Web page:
4 Chip Stocks Bucking the Trend

10/25/2011 9:30 am EST


In the earnings reports delivered last Wednesday and Thursday, we got mostly "check-box" reports that are very well aligned with our previews, with just a couple of what I would call check box-pluses, say Paul McWilliams of Next Inning Technology Research.

In the earnings reports delivered last week, we got mostly "check-box" reports that are very well aligned with our previews, with just a couple of what I would call check box-pluses.

For the most part, sequential guidance from broad-line semiconductor suppliers is coming in between a decline measured in high-single-digit to low-double-digit percentages. There have been exceptions to this trend, but most follow this guidance. Outside these, however, is one that may be a bit puzzling.

Maxim Integrated Products (MXIM), which is reasonably well classified as "broad-line" and with growing exposure to various high-volume consumer sectors, appeared to fight this trend with midpoint guidance for a 6.5% sequential decline. However, once we normalize its guidance for a 13-week versus the 14-week quarter it will report, its guidance suggests a sequential decline of about 13.3%.

This is a bit worse than Linear Technology (LLTC) (which is often considered to be similar to MXIM), but during the last few years MXIM’s sector mix has moved more towards high volume consumer applications while LLTC has moved in the opposite direction.


In short, given the sector exposure and the market conditions we’re seeing today, both companies are doing fine and provided guidance aligned with reasonable expectations. Please note, given the holiday scheduling for calendar Q4, the factoring I’ve used for MXIM is imprecise, but for our purposes here of relative comparison, good enough.

While Lattice Semiconductor (LSCC), the No. 3 player in the programmable logic sector, guided for a 6.5% sequential decline at the midpoint (which is obviously between the two leaders), there are a couple moving pieces in that equation that I think warrant giving it a "check-box plus" award.

As I’ve carefully outlined over the last couple of years or so, there are sound reasons behind my flip from a long-held bearish view on LSCC to what is now a decisively bullish view.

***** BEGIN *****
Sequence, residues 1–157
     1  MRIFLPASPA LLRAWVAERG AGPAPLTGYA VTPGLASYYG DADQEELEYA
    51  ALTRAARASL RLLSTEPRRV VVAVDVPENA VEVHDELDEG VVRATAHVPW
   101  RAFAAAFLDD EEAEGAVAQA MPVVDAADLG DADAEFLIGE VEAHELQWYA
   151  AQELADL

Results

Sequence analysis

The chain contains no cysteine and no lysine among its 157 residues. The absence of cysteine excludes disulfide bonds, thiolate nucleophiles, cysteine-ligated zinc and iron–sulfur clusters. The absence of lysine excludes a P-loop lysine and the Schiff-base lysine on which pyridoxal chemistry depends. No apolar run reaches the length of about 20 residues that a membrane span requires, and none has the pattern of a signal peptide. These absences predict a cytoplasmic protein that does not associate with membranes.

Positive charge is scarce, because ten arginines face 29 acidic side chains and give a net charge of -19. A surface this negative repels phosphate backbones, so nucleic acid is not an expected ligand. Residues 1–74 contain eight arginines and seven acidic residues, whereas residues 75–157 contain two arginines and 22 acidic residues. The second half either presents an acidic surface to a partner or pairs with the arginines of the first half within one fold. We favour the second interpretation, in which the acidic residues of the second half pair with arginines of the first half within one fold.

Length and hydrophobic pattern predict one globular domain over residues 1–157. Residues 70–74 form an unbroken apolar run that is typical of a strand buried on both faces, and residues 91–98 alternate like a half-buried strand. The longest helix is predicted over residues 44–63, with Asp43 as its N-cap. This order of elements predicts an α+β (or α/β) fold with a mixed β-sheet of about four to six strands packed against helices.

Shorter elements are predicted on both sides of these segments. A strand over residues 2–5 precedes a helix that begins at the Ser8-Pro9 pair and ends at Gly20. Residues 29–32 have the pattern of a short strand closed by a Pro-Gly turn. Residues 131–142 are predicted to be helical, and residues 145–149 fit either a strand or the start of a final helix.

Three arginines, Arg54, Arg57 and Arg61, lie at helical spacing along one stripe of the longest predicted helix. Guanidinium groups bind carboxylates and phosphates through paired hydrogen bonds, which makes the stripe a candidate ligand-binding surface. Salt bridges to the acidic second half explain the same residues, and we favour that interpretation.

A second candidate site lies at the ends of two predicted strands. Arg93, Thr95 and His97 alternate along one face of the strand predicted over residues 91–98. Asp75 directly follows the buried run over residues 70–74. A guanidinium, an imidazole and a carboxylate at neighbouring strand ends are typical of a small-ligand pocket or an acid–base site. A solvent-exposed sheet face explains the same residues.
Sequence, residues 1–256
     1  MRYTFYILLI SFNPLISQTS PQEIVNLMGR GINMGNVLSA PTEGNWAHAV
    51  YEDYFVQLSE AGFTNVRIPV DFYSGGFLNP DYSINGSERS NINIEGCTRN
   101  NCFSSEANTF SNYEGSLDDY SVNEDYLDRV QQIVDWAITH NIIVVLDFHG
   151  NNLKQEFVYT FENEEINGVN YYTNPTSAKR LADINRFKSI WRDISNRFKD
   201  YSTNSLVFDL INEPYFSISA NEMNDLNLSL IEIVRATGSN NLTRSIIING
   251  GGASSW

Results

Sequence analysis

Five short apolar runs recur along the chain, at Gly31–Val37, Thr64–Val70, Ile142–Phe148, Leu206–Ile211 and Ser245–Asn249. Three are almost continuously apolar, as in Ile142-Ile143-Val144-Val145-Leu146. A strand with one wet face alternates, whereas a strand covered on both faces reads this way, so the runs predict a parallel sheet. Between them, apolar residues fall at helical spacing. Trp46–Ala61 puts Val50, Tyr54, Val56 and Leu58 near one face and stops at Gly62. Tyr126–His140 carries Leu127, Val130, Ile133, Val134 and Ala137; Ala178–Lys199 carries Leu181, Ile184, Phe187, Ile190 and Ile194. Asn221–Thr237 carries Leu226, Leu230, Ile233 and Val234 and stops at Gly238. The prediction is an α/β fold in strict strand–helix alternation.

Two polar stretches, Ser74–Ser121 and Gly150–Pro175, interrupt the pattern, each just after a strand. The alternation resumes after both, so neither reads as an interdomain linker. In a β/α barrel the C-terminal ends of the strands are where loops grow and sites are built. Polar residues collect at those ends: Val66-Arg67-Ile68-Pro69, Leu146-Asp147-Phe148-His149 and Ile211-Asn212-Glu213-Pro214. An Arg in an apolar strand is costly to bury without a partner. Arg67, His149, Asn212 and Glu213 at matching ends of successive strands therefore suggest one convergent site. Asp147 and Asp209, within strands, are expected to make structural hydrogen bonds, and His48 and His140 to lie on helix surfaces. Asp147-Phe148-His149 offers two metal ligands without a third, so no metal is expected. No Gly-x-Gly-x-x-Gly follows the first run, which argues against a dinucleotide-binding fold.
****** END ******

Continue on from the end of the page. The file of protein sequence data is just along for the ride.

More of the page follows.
In short, LSCC is operating and executing in very good alignment with the predictions I made in 2008 and 2009, when the stock was trading below $2. In years past, LSCC was much more a science experiment than it was a viable enterprise. That changed in 2008 when LSCC began to change the composition of its board of directors and subsequently its executive management.

Like Dorothy in the Wizard of Oz, LSCC always had what it needed to bring home sustained growth and dependable profitability—it just never focused on leveraging its strength. That has changed, and along with it the potential for LSCC to become a highly successful growth story.

While most of what we learned from LSCC was "check-box" stuff for me, what adds the plus here is LSCC is illustrating with even more clarity now that it is executing the strategy successfully. It should be positioned in 2012 to leverage its improve operational structure and the business model it has developed to grow earnings much faster than it grows revenue.

In short, I think LSCC is very near to a positive tipping point. While the trajectory of LSCC, just like the rest of the industry, will be dependent on economic activity in the coming year, I think LSCC is positioned well to notably outperform the semiconductor sector and, quite possibly, its larger peers.

At this juncture, LSCC is still enduring some duplicate cost structures. As companies transition operating models to reduce costs—which in the case of LSCC includes moving some operating costs from a fixed to a variable structure—they have to maintain both operations at near full cost structure towards the end of the transition.

In short, while they build and deploy the new strategy, they cannot release the old one until the new one is stable. That is where LSCC is today. However, as we move through 2012 LSCC will wind down the old, higher cost structure, and with that favorably scale its operating costs as revenue rises.

In addition to this favorable scaling, LSCC will further flesh out its low-cost programmable logic strategy, and begin to build a rounded business in the various sectors where the lower prices open new market opportunities. This is important because with a broader base, the naturally high volatility of the individual deals inherent in these markets will tend to spread and mute the aggregate volatility for LSCC.

Flextronics (FLEX) also gave us some "check box-plus" data. Well aligned with our coverage on the Electronic Manufacturing Services (EMS) industry, FLEX is transitioning away from the PC sector.

When FLEX entered this sector, profit margins were reasonably high, but over time those margins dropped below what was appropriate for the FLEX model. Due to this, rather than trying to fight the tide and rationalize its prior decision, FLEX owned up to reality and filed publicly for divorce.

This divorce from its PC business will be completed a bit ahead of schedule. With this fact now staring Wall Street in the face, we’re seeing today the realization of what I’ve written the FLEX model has the potential to deliver.

As I see it, this accelerated divorce and the clarity FLEX provided investors merits adding a plus by its check box.

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